Apr 2, 2011, 6:30 PM EDT
Sports Illustrated’s latest anonymous poll of players is out, and the subject is the biggest floppers in the league. The top guys will not surprise you. Here’s the top 5:
Kobe Bryant, Paul Pierce, and Shane Battier all make appearances in the top 15 as well. It’s interesting that the top three players are from South America. Is it something in the water down there? Is flopping taught as a fundamental like dribbling or moving your feet on defense?
But what’s probably the most interesting thing about this list is that it could have been the same list from four years ago. The league has put in rule changes to discourage flopping, and still the same players are always on these lists of floppers. To be fair, since that rule change, there has been a dramatic decrease in flops (from my perspective, it’s kind of hard to quantify flops vs. normal reactions to fouls). But these guys are still the main culprits. It’s part of their game, and it’s remained so. You’d think at some point the league would look to make examples out of a few to make it apparent that the game shouldn’t be played that way. But considering some of the star power on the list, maybe that’s unrealistic.
It’s also interesting that you have different kinds of floppers. Pierce and Bryant, for example, are more likely to flop on the offensive end, looking for a call off a pump-fake, while Fisher and Scola of course are more the kind to body up their man on defense, then go skidding across the floor when contact comes. Kevin Martin may be the most prolific offensive flopper on the list, even more so than Ginobili. Martin’s best offensive skill is drawing contact and accentuating it. When he pump faked a Spurs defender in the Rockets’ win over San Antonio Friday night, then flailed to the floor, I actually assumed prior to replay it was a flop. Not based off of visual evidence, but what I’ve seen of Martin before. It was actually a legit foul.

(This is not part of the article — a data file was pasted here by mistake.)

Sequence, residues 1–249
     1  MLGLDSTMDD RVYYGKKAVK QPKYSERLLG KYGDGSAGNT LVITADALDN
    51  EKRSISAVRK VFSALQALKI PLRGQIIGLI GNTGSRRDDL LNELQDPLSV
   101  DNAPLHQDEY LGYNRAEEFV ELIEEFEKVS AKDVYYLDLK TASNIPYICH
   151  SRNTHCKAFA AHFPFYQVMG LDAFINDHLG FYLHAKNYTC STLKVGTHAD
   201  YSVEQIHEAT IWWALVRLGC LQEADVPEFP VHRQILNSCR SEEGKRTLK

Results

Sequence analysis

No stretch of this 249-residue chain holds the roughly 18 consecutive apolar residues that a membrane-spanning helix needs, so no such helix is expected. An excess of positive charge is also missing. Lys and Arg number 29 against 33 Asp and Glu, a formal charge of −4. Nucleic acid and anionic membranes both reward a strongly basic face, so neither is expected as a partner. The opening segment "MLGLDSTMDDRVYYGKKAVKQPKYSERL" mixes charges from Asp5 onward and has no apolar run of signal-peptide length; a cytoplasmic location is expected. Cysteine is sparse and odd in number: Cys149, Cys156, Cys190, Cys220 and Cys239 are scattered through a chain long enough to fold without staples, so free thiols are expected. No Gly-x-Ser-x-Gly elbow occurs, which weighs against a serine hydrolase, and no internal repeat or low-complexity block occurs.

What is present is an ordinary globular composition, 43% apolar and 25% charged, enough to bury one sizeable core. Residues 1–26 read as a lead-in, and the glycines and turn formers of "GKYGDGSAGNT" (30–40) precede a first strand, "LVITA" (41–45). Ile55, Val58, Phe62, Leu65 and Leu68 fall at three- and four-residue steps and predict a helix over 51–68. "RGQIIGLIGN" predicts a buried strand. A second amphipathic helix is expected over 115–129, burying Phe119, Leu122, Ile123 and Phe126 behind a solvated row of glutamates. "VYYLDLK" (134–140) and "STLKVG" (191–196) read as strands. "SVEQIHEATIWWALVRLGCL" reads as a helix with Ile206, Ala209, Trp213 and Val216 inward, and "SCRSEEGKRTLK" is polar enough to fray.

But of course, Martin still flopped to sell it.
In reality, flops are not just part of the game, but being good at it is a crucial skill. Players who try and play without it may be valiant in our eyes, but they’re less effective. Until changes are made by the NBA to try and eliminate it all together (don’t hold your breath), being on this list isn’t a bad thing.
(HT: Red’s Army)
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